You won’t find any of these locations on a tourist map, but all of them are real, important, and maybe just a little bit scary to the general public.
The idea of a place being “secret” when it’s gargantuan isn’t as contradictory as it sounds. A little misdirection with P.R., a harmless, non specific sounding name, “keep out” signs, and a government official who tells the public ‘it’s really just a storage facility’ is all it takes.
If its buildings are steel or concrete, grey and foreboding, so much the better. Those are the ingredients that all these places, to one extent or another, employ to make them secret sites, and the only time someone is welcome who isn’t within the government is when that someone has done something very wrong.
Nuclear weapons are part of every nation’s arsenal these days, well, almost every nation’s. China, of course, has plenty, and it has a lot of them stored on the coast of Hainan Island. They were caught on satellite in 2008. Caverns hold as many as 20 nuclear subs and ballistic missiles line the harbor.
Furthermore, rumor has it that the stock includes aircraft carriers, intercontinental ballistic missiles, amphibious assault ships, and more. Not the kind of place one wants to find oneself accidentally while out fishing or sightseeing.
Australia is the proud owner of so called ECHELON technology, which is supposedly the world’s foremost eavesdropping device. At a secret base near Alice Springs smack dab in the middle of the country, operatives work feverishly to upgrade this technology that mythology says can listen in on other nation’s secrets at great distances.
In England, a supposed “military science park”, which sounds innocuous enough, is actually a cover for what’s really going on at MoD Boscombe Down Airfield. A defense contractor, QinetiQ, is headquartered there. About 7,000 acres are surrounded by ominous “Danger Area” signs. The country’s Defense, Science & Technology Laboratory is apparently doing Lord only knows what kinds of experiments in biology, radiology, and nuclear warfare.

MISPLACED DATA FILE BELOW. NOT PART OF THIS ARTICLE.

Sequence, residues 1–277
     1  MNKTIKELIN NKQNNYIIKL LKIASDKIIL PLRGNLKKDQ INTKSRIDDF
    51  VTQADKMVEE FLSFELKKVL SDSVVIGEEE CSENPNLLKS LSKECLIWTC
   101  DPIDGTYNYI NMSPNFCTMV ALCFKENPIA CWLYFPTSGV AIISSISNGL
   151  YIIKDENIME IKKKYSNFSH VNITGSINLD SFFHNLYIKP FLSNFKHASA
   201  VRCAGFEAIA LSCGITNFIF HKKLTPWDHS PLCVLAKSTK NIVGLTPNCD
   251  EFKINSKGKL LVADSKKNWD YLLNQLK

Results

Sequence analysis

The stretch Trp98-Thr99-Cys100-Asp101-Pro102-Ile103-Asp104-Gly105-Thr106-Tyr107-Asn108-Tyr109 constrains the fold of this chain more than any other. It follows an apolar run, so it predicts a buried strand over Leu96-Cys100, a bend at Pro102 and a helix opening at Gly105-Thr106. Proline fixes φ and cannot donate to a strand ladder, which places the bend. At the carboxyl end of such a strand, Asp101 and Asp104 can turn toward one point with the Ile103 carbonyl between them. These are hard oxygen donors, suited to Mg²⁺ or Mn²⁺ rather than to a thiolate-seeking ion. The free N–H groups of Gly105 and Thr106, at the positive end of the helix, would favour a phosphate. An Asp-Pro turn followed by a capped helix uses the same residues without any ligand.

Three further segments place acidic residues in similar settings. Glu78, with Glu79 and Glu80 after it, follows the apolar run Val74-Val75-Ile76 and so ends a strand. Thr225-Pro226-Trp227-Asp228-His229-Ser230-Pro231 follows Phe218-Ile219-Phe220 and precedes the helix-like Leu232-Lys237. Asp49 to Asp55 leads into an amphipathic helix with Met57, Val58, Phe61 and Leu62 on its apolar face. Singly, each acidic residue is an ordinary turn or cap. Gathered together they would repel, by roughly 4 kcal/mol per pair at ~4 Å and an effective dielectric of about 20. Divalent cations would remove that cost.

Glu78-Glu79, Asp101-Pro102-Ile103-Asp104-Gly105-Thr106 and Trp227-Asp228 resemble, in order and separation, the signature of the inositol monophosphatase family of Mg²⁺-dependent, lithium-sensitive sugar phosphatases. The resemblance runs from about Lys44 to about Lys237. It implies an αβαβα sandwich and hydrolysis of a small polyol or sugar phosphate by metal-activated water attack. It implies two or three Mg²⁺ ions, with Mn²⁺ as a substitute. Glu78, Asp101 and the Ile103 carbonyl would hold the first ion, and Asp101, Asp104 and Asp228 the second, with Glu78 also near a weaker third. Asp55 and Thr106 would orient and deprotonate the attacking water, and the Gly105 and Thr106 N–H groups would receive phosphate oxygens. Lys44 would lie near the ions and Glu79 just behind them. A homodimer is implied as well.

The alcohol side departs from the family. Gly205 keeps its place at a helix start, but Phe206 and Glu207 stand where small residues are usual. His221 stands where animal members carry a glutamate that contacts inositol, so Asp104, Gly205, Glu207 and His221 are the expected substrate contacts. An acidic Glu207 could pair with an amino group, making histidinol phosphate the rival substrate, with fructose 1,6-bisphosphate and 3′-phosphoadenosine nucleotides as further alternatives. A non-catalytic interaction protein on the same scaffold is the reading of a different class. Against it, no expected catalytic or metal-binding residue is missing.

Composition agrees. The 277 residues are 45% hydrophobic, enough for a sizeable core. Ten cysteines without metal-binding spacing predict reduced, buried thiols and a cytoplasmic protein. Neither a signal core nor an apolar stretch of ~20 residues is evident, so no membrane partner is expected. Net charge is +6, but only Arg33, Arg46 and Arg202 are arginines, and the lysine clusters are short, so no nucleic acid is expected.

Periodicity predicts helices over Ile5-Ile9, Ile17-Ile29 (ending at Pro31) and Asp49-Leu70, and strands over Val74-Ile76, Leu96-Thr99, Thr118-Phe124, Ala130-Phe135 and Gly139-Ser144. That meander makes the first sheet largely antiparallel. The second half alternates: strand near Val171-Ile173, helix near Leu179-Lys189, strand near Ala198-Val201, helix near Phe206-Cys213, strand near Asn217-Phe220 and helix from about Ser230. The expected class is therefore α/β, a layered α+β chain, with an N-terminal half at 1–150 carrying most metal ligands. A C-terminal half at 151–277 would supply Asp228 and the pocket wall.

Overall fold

Over in Russia, Kapustin Yar is considered the most secret of these sites, even a nearby town, Zhitkur, was leveled, so the story goes, to prevent curious folks from peeking at what lies beyond the fences and “No Access” signs. Originally built to help the Russians have space at which they could work to beat the Americans into space, Kapustin Yar now, supposedly devotes its time and personnel to monitor the skies for UFOs.
And last but not least is Area 51 in America, a country that has several secret sites, but Area 51 is probably the most famous or infamous. Some myths persist about this site in Nevada, one being that the U.S. is holding a captured alien craft there. Other conspiracy nuts insist that these are the grounds on which the government faked the moon landing.
But those notions are simply proof of people’s imaginations in overdrive. Area 51 is indeed a military base, but there isn’t an alien craft anywhere in sight, nor are there any vestiges of a staged moon landing. The government would like Area 51 called Groom Lake or even Homey Airport, isn’t that innocent sounding? People though will always associate it with more nefarious occurrences.
What’s there is intimidating enough, even without the UFOs. Cameras are everywhere, and they watch everyone and everything, 24/7. There are warning signs, reading “Stop. Keep Out.”
Anyone foolish enough to stray past its gates and onto the property, even unknowingly, would likely be in for a firm grilling by oh so serious officials who seize cell phones and computers and cameras before becoming convinced it was an innocent, mistaken trespass and letting the individual go. After which, no doubt, that tourist would stick to the main roads and tourist maps.
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There are plenty of wonderful sights to see in all these countries, so it’s best to steer clear of any location marked “top secret,” or even “private property.” After all, why be nosy when the government puts up signs saying “keep out?” Governments aren’t exactly famous for their sense of humor either, so saying “I was just curious,” is likely not to cut it.